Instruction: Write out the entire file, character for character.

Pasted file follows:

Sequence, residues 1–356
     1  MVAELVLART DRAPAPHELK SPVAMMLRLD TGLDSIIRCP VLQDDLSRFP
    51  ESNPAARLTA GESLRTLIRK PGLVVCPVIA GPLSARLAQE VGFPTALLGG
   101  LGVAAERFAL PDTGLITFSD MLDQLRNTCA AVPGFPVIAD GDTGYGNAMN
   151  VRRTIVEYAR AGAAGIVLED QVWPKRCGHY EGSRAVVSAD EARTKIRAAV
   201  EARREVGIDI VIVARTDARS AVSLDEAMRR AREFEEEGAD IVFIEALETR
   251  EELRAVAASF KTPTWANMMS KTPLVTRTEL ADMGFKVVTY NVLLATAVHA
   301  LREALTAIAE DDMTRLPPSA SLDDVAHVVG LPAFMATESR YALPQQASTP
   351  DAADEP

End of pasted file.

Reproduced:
Sequence, residues 1–356
     1  MVAELVLART DRAPAPHELK SPVAMMLRLD TGLDSIIRCP VLQDDLSRFP
    51  ESNPAARLTA GESLRTLIRK PGLVVCPVIA GPLSARLAQE VGFPTALLGG
   101  LGVAAERFAL PDTGLITFSD MLDQLRNTCA AVPGFPVIAD GDTGYGNAMN
   151  VRRTIVEYAR AGAAGIVLED QVWPKRCGHY EGSRAVVSAD EARTKIRAAV
   201  EARREVGIDI VIVARTDARS AVSLDEAMRR AREFEEEGAD IVFIEALETR
   251  EELRAVAASF KTPTWANMMS KTPLVTRTEL ADMGFKVVTY NVLLATAVHA
   301  LREALTAIAE DDMTRLPPSA SLDDVAHVVG LPAFMATESR YALPQQASTP
   351  DAADEP